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Miss Manners: In a pickle over seldom-used silverware

Judith Martin

Dear Miss Manners: I have been very fortunate to have been given a lovely, very full set of family silver, which I would like to put to good use. After some research, I have identified all the different pieces, and I seem to have a dozen pickle forks but no oyster forks.

Miss Manners, forgive my ignorance, what does one use a pickle fork to eat? Do people actually only eat pickles with them? Was there a time when people ate more pickles than they do now?

I associate pickles with outdoor barbecues, not a dinner with silver. My whole family (including the relative who gifted me the silver) is at a loss. Would it be terribly gauche of me to use a pickle fork as an oyster fork instead, so as to get more use out of it?

Gentle Reader: You mean you don’t give pickle parties? Well, for goodness’ sake, what do you do for fun?

Neither did your ancestors, Miss Manners is guessing. It is true that pickles used to come to the table, rather than being kept outdoors, but not because people sat around making their lips puckered. Pickle forks were used to spear pickles from a pickle dish, unless pickle tongs were being used to spear pickles from a pickle castor.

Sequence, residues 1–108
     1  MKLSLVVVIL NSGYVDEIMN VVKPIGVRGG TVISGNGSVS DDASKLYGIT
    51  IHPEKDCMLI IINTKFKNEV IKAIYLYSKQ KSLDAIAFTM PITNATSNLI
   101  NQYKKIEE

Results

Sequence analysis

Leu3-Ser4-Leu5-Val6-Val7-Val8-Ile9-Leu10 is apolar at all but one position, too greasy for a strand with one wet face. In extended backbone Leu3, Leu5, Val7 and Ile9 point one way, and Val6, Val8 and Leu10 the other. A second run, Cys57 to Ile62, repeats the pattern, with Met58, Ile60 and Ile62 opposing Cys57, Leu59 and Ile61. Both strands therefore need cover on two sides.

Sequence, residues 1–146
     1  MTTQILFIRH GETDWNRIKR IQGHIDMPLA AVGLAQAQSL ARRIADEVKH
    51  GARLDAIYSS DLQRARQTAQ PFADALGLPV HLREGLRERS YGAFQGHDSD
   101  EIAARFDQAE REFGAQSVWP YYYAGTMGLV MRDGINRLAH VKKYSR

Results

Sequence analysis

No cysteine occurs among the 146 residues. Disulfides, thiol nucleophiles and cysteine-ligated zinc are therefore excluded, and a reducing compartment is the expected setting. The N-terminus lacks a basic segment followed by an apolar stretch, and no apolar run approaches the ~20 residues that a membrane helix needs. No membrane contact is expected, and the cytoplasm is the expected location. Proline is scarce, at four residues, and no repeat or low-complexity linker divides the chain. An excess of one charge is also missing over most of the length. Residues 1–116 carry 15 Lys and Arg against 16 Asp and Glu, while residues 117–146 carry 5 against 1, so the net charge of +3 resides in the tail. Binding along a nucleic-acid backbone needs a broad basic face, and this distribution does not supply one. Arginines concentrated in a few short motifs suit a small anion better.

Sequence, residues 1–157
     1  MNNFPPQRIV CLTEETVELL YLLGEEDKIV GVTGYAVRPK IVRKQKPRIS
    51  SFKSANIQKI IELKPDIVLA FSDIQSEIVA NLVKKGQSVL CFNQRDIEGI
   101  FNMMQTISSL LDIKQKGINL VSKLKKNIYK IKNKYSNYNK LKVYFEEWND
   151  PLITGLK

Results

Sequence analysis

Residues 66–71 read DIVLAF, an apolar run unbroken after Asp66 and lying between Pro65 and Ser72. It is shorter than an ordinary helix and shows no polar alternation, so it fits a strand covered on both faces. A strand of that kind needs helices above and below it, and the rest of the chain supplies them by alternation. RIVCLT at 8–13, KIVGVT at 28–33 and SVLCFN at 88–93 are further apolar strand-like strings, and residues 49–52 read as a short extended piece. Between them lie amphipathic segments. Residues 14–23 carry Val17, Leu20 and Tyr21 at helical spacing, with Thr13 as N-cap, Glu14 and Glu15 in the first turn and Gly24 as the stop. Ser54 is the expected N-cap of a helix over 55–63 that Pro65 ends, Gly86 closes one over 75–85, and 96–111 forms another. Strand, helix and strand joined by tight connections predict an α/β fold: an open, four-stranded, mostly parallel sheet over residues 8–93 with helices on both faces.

You could indeed use the three-tined ones as oyster forks, or, if yours have two tines, you could use them as butter picks. Miss Manners is the only person who would notice the substitution, and she promises not to tell.

Dear Miss Manners: I volunteer for an organization that helps unemployed women re-enter the workplace. Every year, we hold a silent auction event that raises more than half of the organization’s annual budget, and I approach businesses to donate goods or services toward the silent auction. I initially approach the owner or manager by e-mail with a follow-up telephone call and then another follow-up e-mail – all very clear on why I am contacting them and thanking them in advance for their consideration.

It is amazing to me how many – the vast majority – of these businesses do not respond at all! A simple “No, thank you” or “We are unable to participate at this time” would be sufficient. I understand that they may receive many such requests, but to ignore them is frustrating and rude.

Don’t they understand that I am a potential customer of their business and the bad impression that this behavior leaves? I thought that, with the difficult economy, businesses would improve their customer service and basic manners. What gives?

Gentle Reader: Far be it from Miss Manners to countenance any failure to respond – to invitations, presents, favors and other such kindly offers.

But admirable people who are involved with charities tend to forget that an offer to contribute is not really an offer – it is a solicitation. In such a case, silence is a response. It should be accepted gracefully – without the sly insinuation that you might become their customer in return for donations – if for no other reason than that you may want to try them again.

Readers may write to Miss Manners at MissManners@ unitedmedia.com, or via postal mail at United Media, 200 Madison Ave., 4th Floor, New York, NY 10016.
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